As schools in Lahore remained closed on Thursday for the first time due to the prevalence of "smog" in the city, Punjab Chief Meteorologist Mahr Sahibzad Khan said that the current smoke levels should not be confused with "smog".
"Smog components become visible after smoke and fog combine. Until now, the fog has not developed," he said while talking to DawnNewsTV.
"Fog has its own criteria under which it develops: the visibility must reduce to less than 1 kilometre, the humidity levels must be more than 90 per cent, the air must be still and the sky clear. Only then are there chances for fog," Khan explained.
"These phenomena (required for fog) are not currently present. There is smoke, because of car and factory emissions, as well as transboundary smoke coming in from India due to crop burning. So the smoke levels have risen significantly owing to these factors. And there are components in the smoke that raise the air quality index. People start calling it smog, but it isn't. There are alarmingly high levels of smoke, however."
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Khan said that it had rained yesterday and there are chances of rain today as well. "The weather is pleasant and it seems it will be tomorrow as well," he added.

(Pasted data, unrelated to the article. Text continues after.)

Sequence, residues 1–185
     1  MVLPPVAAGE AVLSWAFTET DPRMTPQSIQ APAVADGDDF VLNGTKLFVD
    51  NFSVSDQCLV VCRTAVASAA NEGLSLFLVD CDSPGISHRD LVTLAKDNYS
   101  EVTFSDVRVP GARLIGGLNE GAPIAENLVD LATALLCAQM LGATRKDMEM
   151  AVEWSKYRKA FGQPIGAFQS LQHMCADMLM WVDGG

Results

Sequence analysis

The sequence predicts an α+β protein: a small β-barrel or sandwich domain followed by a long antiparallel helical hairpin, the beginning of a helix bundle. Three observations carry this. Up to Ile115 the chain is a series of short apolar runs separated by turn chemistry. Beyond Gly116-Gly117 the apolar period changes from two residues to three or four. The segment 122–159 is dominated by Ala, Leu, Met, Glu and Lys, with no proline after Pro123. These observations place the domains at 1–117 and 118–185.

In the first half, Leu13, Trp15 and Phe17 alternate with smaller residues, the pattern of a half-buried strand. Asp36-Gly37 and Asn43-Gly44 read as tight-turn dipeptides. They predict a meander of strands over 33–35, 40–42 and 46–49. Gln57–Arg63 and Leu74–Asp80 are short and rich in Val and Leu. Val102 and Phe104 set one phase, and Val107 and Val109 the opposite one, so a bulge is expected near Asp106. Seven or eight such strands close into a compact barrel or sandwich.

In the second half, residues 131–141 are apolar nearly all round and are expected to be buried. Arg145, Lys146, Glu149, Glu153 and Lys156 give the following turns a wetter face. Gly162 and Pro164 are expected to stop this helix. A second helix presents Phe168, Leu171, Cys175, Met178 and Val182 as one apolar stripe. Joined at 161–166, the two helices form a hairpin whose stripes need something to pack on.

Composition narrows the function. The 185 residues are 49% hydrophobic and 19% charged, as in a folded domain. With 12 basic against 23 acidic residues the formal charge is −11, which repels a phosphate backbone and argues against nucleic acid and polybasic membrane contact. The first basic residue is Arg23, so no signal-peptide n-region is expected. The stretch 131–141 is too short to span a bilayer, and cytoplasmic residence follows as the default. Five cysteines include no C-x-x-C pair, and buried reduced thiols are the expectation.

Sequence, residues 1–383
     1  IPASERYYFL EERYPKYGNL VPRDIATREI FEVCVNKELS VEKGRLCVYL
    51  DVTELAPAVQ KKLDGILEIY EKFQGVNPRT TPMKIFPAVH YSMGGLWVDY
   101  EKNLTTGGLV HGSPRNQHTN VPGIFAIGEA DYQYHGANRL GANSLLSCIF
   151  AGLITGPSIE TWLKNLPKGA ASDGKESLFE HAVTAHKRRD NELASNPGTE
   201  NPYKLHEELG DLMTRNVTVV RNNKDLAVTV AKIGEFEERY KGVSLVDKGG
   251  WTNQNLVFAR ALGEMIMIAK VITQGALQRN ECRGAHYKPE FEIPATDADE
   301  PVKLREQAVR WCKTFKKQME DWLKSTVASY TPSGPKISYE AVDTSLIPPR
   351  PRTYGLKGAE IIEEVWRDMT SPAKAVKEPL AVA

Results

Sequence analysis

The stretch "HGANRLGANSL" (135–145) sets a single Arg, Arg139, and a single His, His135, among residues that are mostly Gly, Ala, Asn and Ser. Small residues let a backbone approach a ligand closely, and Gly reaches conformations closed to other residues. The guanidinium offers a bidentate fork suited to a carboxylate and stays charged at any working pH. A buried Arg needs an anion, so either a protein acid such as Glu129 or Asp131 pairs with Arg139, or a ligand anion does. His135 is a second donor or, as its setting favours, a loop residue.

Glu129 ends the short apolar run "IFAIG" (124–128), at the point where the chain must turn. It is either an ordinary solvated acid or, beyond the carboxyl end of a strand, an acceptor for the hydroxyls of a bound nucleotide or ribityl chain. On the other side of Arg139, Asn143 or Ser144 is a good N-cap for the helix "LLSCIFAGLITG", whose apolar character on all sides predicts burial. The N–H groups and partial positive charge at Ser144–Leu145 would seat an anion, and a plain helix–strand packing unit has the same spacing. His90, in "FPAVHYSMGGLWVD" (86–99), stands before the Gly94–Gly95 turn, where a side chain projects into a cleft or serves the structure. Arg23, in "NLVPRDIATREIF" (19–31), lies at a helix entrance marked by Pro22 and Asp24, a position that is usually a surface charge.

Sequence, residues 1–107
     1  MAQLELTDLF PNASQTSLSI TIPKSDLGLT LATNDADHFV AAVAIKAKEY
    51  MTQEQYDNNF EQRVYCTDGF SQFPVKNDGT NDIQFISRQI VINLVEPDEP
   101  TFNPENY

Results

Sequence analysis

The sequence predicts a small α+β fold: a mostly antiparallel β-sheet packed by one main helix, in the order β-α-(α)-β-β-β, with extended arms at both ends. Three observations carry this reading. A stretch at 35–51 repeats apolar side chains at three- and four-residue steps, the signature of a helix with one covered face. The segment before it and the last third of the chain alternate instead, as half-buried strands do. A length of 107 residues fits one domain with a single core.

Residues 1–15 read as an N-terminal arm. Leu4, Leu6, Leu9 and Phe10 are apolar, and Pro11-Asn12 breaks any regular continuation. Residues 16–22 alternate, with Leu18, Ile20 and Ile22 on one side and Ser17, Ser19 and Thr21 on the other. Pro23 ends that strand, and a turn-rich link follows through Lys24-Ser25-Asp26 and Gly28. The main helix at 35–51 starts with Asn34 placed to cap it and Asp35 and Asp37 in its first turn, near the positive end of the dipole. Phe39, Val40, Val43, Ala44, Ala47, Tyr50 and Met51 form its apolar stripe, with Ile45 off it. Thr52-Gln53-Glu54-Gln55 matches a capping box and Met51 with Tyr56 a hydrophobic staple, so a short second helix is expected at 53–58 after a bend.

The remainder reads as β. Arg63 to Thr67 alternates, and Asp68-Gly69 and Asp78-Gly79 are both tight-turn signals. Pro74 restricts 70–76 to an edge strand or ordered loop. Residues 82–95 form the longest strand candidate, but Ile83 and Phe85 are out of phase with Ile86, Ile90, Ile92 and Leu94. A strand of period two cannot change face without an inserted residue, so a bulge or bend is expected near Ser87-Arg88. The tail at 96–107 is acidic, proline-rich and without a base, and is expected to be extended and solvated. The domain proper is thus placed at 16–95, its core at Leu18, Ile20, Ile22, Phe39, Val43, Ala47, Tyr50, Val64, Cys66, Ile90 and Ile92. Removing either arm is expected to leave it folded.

Lahore's Air Quality Index (AQI) appeared to have improved on Thursday from a day earlier, falling to 106 in the late afternoon which is within the 'Unhealthy for Sensitive Groups' category.
On Wednesday, Punjab Chief Minister Usman Buzdar had announced the closure of public and private schools in Lahore today after the sudden spike in smog levels from less than 200 to over 500.
From November 9-12 the city's AQI will be in the 'Unhealthy' category, the daily index shows.
Following the unprecedented measure of schools closure yesterday, journalists took to Twitter to express alarm at the constantly rising levels of air pollution.
The head of communications for Amnesty International, Rimmel Mohydin, criticised the government for continuously monitoring pollution levels and "never actually doing...